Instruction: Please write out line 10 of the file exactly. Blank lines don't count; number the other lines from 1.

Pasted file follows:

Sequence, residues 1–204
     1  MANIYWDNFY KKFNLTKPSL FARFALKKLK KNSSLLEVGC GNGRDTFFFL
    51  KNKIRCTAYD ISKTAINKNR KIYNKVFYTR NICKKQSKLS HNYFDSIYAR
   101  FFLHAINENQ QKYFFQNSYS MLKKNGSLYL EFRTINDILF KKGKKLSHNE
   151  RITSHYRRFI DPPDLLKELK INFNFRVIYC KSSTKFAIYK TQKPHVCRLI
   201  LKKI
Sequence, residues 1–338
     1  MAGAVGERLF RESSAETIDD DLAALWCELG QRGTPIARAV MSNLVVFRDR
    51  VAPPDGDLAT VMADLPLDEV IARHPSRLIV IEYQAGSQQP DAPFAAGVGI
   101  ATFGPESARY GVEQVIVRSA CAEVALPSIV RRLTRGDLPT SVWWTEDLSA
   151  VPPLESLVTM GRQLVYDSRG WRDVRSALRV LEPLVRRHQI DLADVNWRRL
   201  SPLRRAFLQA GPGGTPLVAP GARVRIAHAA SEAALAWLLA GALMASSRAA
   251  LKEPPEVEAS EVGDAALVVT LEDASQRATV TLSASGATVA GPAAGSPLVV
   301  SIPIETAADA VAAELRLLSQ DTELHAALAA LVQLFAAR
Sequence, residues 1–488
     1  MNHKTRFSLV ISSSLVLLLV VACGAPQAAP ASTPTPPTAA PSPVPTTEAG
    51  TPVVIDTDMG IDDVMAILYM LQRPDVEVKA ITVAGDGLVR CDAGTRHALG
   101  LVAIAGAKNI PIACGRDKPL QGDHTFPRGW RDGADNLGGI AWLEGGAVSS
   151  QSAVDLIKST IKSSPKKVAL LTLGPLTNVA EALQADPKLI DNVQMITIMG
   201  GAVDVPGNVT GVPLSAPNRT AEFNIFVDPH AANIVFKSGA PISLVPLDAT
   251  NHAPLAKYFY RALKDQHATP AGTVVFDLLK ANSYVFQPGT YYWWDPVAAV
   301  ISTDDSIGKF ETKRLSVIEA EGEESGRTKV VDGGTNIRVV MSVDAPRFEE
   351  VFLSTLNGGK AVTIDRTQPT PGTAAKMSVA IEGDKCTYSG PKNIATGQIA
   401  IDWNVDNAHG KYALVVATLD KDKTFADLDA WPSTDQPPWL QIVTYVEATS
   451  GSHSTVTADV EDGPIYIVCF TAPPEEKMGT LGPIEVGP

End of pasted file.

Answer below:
   101  ATFGPESARY GVEQVIVRSA CAEVALPSIV RRLTRGDLPT SVWWTEDLSA